Hardware, News

AMD launches Epyc server processors

AMD has lunched AMD EPYC 7000 series high-performance data centre processors. The innovative AMD EPYC design, with up to 32 high-performance “Zen” cores and an unparalleled feature set, delivers greater performance than the competition across a full range of integer, floating point, memory bandwidth, and I/O benchmarks and workloads, claims the company.

“With our EPYC family of processors, AMD is delivering industry-leading performance on critical enterprise, cloud, and machine intelligence workloads,” said Lisa Su, president and CEO, AMD. “EPYC processors offer uncompromising performance for single-socket systems while scaling dual-socket server performance to new heights, outperforming the competition at every price point. We are proud to bring choice and innovation back to the datacenter with the strong support of our global ecosystem partners.”

The world’s largest server manufacturers introduced products based on AMD EPYC 7000-series processors at today’s launch, including HPE, Dell, Asus, Gigabyte, Inventec, Lenovo, Sugon, Supermicro, Tyan, and Wistron. Primary hypervisor and server operating system providers Microsoft, Red Hat, and VMware showcased optimized support for EPYC, while key server hardware ecosystem partners Mellanox, Samsung Electronics, and Xilinx were also featured in EPYC-optimized platforms.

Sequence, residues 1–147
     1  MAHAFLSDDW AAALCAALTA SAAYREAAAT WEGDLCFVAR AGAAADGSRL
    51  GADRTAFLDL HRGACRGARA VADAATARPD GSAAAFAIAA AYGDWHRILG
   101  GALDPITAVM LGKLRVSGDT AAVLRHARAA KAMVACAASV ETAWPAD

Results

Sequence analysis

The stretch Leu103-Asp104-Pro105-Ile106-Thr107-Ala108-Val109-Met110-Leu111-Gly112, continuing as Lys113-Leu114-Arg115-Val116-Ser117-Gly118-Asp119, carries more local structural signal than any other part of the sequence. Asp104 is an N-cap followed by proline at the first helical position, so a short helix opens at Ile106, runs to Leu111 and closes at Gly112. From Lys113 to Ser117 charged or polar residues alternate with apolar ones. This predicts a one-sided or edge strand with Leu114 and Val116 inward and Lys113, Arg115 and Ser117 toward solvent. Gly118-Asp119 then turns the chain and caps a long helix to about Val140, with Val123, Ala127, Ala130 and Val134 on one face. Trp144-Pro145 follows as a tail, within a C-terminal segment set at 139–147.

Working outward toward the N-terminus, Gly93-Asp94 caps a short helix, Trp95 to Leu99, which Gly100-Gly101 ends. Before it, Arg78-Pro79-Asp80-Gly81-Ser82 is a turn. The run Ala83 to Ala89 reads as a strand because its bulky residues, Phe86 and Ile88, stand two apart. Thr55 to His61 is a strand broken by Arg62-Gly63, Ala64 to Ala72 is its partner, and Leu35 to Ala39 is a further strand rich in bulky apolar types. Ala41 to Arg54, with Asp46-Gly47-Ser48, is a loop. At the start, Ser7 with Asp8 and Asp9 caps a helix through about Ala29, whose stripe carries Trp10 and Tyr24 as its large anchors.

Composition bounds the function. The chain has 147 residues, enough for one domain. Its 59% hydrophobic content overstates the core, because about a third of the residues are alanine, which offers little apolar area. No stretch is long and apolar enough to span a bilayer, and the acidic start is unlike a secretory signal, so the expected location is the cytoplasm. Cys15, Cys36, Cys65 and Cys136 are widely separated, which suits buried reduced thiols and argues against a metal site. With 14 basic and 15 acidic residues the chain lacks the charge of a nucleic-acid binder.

The excitement around EPYC is driven by multiple record-setting server benchmarks achieved by EPYC-powered one-socket and two-socket systems.

AMD says its EPYC processors set several performance records, including:

  • Two-Socket Server
    • AMD EPYC 7601-based system scored 2360 on SPECint_rate2006, higher than any other two-socket system score
  • One-Socket Server
    • AMD EPYC™ 7601-based system scored 1200 on SPECint_rate2006, higher than any other mainstream one-socket x86-based system score
    • AMD EPYC 7601-based system scored 943 on SPECfp_rate2006, higher than any other one-socket system score

All EPYC processors combine security features, enterprise class reliability, and support a full feature-set. An AMD EPYC 7601 CPU-based one-socket system shifts expectations for single socket server performance, helping lower total-cost-of-ownership (TCO), providing up to 20% CapEx savings compared to the Intel Xeon E5-2660 v4-based two-socket system. .

 

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